At 0218 on 21 November 1970, a modified C-130E with forward looking radar (FLIR) transmitted the “execute” command “Alpha, Alpha, Alpha” as it deployed four illumination flares. The C-130E was a meager 23 miles west of Hanoi, North Vietnam, at that time the most heavily defended city in the world. Below the flares, assault helicopters swooped down to disembark 56 heavily armed American Special Forces personnel. Their mission: to rescue 60 to 70 American POWs imprisoned at the Son Tay POW camp.
Of the more than 600 men interviewed for “an impossible mission,” only 56 were chosen for “boots on the ground” in North Vietnam. In the sable skies above Son Tay and interdiction locales, 116 aircraft (59 Navy and 57 Air Force) patrolled, strafed, and bombed the 12,000 enemy troops within a 5-mile radius. Newton County resident Grady Vines was one of the 56 Special Forces soldiers scrambling off the assault choppers, weapons blazing, and this is his story.
“Well, it started in October of 1960,” said Vines. “I’d just broken up with my girlfriend and was so depressed that I joined the Army just to ‘get away’ from things.” The U.S. Army kept Vines “away” from things for 21 years. He did, however, reconcile with his sweetheart. He and Beverly have been married for 55 years.
Trained in artillery at Fort Sill, Okla., Vines decided to volunteer for jump school at Fort Campbell, Ky. The first time Vines jumped was also the first time he’d been aboard an airplane. With a wife and young child, he decided on an Army career. Vines recalled, “Besides, I was making decent money, but of course back then ‘decent’ money meant $140 a month.”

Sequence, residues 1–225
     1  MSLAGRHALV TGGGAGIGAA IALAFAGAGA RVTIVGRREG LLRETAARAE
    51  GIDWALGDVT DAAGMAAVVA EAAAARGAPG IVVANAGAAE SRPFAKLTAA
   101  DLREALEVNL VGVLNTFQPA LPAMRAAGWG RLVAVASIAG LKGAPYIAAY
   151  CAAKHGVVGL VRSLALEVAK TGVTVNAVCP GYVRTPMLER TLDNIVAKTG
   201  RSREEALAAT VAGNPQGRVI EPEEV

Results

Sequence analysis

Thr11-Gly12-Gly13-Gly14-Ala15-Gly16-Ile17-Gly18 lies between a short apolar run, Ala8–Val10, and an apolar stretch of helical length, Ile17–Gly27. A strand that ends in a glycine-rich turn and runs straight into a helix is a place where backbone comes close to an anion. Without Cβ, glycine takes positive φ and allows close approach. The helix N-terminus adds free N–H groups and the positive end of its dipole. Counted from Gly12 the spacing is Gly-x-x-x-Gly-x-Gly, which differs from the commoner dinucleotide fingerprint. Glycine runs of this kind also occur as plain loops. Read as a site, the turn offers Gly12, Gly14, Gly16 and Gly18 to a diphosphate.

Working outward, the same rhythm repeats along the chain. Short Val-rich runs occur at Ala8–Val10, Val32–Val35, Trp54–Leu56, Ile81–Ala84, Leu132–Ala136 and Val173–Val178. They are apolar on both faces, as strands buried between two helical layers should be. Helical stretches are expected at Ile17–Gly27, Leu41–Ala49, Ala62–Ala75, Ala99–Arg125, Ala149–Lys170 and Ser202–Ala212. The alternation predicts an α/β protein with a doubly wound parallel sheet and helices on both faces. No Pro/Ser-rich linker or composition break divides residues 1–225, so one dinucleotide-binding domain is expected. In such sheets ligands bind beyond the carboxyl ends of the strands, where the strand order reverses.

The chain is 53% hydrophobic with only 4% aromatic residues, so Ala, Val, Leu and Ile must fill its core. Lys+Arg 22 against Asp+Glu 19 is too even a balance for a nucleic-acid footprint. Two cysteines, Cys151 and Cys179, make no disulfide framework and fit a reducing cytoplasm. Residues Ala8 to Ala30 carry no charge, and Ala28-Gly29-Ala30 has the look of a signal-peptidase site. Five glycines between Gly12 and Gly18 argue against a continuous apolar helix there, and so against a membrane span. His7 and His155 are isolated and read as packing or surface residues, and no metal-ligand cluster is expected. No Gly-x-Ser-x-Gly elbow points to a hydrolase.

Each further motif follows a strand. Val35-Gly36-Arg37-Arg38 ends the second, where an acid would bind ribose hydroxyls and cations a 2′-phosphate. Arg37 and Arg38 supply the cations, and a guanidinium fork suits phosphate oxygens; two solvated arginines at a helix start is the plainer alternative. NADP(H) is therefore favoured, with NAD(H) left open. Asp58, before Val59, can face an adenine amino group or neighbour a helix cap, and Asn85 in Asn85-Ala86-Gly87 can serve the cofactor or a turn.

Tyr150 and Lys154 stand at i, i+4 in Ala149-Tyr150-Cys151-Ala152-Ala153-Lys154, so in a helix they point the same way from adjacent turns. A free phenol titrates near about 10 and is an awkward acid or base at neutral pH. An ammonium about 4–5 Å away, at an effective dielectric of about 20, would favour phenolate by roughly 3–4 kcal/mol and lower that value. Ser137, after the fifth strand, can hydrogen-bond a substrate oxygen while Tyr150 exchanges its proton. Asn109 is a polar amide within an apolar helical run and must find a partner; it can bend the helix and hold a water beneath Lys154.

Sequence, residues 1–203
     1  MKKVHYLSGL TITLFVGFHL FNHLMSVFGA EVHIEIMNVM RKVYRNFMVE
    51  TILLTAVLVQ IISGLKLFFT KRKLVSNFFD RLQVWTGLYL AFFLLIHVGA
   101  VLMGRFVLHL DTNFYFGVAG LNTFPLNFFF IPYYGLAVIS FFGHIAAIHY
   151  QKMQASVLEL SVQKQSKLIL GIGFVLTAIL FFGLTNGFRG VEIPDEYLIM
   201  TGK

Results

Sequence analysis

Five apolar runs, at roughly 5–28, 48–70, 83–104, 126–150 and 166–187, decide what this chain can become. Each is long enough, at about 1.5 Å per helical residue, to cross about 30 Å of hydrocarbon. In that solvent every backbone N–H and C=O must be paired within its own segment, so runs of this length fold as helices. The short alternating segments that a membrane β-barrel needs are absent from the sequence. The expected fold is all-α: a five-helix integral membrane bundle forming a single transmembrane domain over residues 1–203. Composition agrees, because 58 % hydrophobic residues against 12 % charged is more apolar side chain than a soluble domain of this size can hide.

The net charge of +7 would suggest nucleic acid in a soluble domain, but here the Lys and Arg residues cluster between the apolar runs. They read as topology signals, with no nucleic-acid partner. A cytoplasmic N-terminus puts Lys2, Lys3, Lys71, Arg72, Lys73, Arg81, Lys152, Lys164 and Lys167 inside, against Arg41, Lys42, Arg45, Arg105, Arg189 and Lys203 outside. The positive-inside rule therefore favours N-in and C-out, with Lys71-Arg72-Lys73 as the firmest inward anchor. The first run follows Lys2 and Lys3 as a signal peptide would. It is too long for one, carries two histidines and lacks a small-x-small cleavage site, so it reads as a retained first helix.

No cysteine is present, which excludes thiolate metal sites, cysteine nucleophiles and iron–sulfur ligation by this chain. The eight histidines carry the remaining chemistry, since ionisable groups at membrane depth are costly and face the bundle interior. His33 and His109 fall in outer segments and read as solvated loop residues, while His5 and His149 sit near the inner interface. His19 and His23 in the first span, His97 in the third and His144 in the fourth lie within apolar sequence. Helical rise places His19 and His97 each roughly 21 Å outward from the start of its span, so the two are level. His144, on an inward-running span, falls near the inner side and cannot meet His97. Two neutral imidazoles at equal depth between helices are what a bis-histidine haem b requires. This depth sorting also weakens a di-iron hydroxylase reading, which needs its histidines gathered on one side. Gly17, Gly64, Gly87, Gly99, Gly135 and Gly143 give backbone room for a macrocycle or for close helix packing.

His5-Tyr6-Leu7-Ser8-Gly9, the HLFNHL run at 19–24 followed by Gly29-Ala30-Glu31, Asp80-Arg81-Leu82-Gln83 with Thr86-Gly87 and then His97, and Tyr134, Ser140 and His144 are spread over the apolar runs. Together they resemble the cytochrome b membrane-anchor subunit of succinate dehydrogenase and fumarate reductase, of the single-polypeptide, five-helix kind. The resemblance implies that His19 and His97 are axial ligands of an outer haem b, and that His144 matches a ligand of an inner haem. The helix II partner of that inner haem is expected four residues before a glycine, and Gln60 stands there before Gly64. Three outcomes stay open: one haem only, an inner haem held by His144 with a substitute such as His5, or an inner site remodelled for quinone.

Assigned to the legendary 82nd Airborne, in early 1965 Vines and the 82nd were dispatched from Fort Bragg, N.C., to subdue an uprising by insurgents in the Dominican Republic. Job done, he returned to Fort Bragg and volunteered for the Green Berets. “I trained with weapons like the Uzi and AK-47 Kalashnikov, plus other weapons people have never heard of,” said Vines. “It wasn’t a cake walk, that’s a given, but I earned my beret.”
In mid-1967 Vines arrived in Vietnam. “I spent about 13 months near Na Trang with the indigenous Montagnards. My location was called Camp 101, but another beret wanted to switch with me so I ended up at Camp 107.” During the infamous 1968 Tet Offensive, Camp 101 was overrun and all 12 Green Berets there were killed. Vines completed his tour of duty without a scratch.
Back at Fort Bragg, Vines trained and retrained, attended schools and more schools for two years. In mid-1970, he and more than 600 NCOs were called in. Something big was in the making.
“Volunteers were requested for an ‘impossible mission,’” said Vines. “Half of them just left, but nosey me stayed and volunteered.”
Mission Impossible was Son Tay.
“Only a few were selected for the mission,” Vines recalled. “They sent us to Eglin AFB in Florida for intense training, mostly at night. We had live-fire exercises, raided a mock stockade; trained around the clock, no breaks, no let-up. Our wives or families were told we were testing new equipment; we were told, ‘You’re probably going out of country.’ From September to November, then finally, “Pack it up, men. We’re leaving.”